Meet Julie Claveau, a program scientist from the Canadian Space Agency. Read below to find out more about her career, her passion for space and her involvement in the James Webb Space Telescope mission.
1. How would you describe your current occupation? How did you end up in this role?
(J.C) I’m a government program scientist that helps university research scientists (my colleagues) get access to space astronomy data (and funding) to learn new things about our universe. I studied Physics and Astronomy at university. When I graduated, I joined the public service in an administrative role. After a few years I became mission planner for RADARSAT-2 (taking images of our planet to learn about climate change and help when there are natural disasters like floods and landslides), followed by a few years as a project manager for RADARSAT-1… to finally land where I am today as a program scientist in space astronomy for the Canadian Space Agency.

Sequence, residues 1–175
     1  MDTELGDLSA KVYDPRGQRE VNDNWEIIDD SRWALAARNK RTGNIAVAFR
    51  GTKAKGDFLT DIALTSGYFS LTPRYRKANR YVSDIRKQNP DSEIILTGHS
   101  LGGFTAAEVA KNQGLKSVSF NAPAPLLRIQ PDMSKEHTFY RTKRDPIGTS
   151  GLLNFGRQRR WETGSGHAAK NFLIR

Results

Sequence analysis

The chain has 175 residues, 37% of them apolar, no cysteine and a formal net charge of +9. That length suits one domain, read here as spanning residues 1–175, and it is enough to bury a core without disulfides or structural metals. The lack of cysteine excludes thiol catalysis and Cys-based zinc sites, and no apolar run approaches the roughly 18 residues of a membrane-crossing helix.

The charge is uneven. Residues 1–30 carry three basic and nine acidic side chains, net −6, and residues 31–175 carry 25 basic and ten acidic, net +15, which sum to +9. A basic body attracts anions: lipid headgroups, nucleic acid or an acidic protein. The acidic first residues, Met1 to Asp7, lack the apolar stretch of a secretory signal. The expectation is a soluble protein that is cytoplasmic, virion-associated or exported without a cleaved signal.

2. Who/what inspired you to go down this career path?
(J.C) When I was younger (and even now!) I just loved contemplating the night sky and imagining how far I was looking (infinity is far!). I also loved math, and trying to figure out why everything was the way it was. As a teenager, I used to watch a TV show called Stargate SG-1 and one of the main actors was a female theoretical astrophysicist. That’s when I learned [about] those kinds of scientists and decided that’s what I wanted to do.
3. What are you most excited about in terms of the telescope mission?
(J.C) Learning about how our universe started, how the very first stars were born and how the first galaxies came together. Oh— and also finding new habitable planets!
4. Any advice to give youth aspiring to join the space sector?
(J.C) Follow your heart. Never give up. Be grateful for the opportunity. Be authentically you.
5. Tell us a fun fact about the JWST!
(J.C) JWST is like a time machine! Light takes time to travel, for example, the light from our sun takes 8 minutes to get to us, so when its light reaches us, we are seeing the sun as it was 8 minutes ago. With Webb, we will be able to look 13 billion years back into the past at the very first stars and galaxies being born! So cool.
To learn more about the James Webb Space Telescope mission, click here.